Guide To Prevention Workplace Violence
Work Place Violence Prevention Program
“If I ever got the chance I’d kill my boss before he knew what hit him.” Do you have a plan and policy that allows you to address this statement from an employee who receives a poor performance appraisal? The recent active attacker tragedies at Douglas High School in Parkland, Florida, the Baptist church in Sutherland Springs, Texas, the Mandalay Bay outdoor concert venue in Las Vegas, Nevada, and the Pulse Nightclub in Orlando, FL, all had at least one commonality: Each of those sites was somebody’s workplace. Does your bank have a program to recognize, report, and respond to the risk of workplace violence (WPV), and a strategy that views every employee as a part of the solution to this increasing risk? The safety of your employees should be your highest priority. The startling statistics of WPV serve as a catalyst for business leaders to commit to building a program before their risk becomes a reality.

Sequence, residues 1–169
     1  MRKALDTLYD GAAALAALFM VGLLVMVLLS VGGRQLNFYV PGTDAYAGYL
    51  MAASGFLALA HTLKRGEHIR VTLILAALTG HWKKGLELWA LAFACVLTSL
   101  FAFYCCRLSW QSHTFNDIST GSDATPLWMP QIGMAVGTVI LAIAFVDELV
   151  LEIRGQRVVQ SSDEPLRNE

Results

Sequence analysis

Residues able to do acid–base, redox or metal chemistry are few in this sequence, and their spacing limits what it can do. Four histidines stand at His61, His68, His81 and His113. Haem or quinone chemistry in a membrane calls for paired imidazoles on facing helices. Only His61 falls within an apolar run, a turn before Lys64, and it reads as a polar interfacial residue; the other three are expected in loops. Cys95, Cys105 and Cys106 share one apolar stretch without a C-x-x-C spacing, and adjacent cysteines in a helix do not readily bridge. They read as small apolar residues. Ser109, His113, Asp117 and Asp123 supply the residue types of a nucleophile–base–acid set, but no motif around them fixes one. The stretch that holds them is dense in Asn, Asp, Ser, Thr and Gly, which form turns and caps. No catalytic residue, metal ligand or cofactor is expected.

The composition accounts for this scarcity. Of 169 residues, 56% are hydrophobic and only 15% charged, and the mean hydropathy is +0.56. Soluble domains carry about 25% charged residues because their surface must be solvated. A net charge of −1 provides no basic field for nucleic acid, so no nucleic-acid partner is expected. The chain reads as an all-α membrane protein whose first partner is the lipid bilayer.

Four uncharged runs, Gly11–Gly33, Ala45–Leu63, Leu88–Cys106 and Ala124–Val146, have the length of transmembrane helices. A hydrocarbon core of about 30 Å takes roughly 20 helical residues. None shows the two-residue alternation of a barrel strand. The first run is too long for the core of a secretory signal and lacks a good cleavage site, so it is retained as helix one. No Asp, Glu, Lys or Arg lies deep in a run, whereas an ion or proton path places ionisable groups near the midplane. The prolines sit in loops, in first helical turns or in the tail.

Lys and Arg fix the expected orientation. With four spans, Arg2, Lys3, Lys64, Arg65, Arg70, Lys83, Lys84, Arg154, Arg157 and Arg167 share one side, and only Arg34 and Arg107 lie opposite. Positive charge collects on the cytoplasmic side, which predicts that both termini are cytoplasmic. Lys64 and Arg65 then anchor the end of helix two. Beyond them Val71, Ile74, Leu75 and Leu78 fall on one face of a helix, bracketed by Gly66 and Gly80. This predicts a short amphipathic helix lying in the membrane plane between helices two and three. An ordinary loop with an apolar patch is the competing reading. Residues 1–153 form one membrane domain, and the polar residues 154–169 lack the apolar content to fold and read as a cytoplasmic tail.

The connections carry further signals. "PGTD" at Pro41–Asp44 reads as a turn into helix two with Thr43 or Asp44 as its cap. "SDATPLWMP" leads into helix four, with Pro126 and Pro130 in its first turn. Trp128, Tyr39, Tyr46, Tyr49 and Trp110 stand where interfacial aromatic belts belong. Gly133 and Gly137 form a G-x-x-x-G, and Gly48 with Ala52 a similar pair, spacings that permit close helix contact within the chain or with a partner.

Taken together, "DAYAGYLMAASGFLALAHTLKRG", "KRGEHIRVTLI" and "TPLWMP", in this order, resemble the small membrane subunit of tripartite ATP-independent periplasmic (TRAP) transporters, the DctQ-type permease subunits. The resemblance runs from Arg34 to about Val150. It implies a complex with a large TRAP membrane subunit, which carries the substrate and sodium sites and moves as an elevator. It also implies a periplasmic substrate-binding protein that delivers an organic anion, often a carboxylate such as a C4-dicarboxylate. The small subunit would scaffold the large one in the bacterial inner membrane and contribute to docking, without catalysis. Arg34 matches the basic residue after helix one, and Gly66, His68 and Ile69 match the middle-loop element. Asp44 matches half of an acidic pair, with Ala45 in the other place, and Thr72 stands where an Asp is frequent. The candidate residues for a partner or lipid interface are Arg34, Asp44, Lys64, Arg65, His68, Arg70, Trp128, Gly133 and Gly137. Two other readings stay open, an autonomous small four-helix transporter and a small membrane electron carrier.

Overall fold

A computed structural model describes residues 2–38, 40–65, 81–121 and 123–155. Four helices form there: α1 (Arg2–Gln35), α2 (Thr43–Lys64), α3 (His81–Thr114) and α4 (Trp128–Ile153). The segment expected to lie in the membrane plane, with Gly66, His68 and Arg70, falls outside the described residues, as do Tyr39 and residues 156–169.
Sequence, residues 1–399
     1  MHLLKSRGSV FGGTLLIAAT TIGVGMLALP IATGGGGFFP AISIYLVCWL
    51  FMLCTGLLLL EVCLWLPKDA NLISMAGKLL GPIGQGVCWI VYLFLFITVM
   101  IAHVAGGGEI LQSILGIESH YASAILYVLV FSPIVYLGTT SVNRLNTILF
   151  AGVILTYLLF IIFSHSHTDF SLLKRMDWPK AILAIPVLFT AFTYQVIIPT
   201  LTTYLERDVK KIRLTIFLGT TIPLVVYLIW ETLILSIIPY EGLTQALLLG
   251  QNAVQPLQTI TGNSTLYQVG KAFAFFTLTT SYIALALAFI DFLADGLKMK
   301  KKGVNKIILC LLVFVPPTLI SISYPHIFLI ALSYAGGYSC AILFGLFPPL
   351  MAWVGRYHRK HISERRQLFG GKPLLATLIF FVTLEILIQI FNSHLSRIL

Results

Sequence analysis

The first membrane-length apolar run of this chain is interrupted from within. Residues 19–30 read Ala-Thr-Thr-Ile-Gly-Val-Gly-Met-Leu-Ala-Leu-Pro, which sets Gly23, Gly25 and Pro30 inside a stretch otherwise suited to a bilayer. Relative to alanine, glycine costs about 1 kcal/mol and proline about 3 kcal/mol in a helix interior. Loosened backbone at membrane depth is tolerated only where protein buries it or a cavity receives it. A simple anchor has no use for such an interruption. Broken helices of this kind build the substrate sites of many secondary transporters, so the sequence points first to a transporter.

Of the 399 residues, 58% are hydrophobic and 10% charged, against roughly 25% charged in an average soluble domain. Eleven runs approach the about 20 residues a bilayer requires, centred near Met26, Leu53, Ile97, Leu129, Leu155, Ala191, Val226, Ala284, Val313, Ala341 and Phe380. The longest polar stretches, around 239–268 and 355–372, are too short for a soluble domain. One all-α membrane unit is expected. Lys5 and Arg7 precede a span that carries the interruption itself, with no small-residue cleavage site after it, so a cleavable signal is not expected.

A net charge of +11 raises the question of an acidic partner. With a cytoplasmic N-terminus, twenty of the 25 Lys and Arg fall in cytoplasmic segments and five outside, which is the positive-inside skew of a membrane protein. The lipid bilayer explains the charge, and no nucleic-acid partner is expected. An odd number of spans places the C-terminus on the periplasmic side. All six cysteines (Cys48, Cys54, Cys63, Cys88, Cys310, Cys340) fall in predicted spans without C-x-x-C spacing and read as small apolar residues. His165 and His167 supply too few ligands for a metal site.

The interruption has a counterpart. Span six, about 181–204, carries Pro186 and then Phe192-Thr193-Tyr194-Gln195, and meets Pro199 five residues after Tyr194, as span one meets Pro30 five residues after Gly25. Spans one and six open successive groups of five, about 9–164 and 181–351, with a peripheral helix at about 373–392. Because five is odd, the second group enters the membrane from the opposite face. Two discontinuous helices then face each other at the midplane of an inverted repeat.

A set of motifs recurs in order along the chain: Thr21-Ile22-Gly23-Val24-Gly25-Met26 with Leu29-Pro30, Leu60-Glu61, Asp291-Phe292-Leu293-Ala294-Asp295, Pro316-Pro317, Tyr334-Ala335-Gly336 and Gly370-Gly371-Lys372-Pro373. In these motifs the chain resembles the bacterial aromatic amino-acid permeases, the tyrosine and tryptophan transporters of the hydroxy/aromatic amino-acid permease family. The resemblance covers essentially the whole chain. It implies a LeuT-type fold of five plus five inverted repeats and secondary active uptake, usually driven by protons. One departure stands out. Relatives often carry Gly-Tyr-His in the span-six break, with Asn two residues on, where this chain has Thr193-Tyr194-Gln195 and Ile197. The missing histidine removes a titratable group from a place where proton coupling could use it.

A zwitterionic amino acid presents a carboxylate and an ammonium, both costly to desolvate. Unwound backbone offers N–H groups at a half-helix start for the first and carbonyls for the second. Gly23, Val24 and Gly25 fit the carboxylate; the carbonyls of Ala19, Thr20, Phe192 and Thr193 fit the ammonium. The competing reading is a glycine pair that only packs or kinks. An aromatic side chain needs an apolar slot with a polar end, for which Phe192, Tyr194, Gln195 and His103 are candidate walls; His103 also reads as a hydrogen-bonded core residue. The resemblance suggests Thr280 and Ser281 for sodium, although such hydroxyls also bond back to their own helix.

The Data Behind the Risk:
- Nearly 2 million US workers are victims of workplace violence (WPV) each year
- Murder is the #2 cause of workplace death for women
- Domestic disputes that spill into the workplace are the major root cause of WPV
- 30,000 sexual assaults per year happen at work
- WPV lawsuits cost companies an average of $500,000 per out-of-court settlement
- Workplace assaults cause over $120 billion in annual losses
Experts recognize four types of violence at work:
Type 1: Criminal with no connection to the business enters to commit robbery or other crimes (banks were robbed over 4,000 times in 2016)
Type 2: Violence directed at employees by customer or others to whom the business provides service
Type 3: Violence against co-worker by a present or former employee
Type 4: Violence by someone who doesn’t work there but has personal relationship with an employee
The most common category of WPV is Type 4. While banks are anomalies because they are targeted for robbery (Type 1), bank leaders who ignore the reality of the other three types do so at their own peril.
Defining Workplace Violence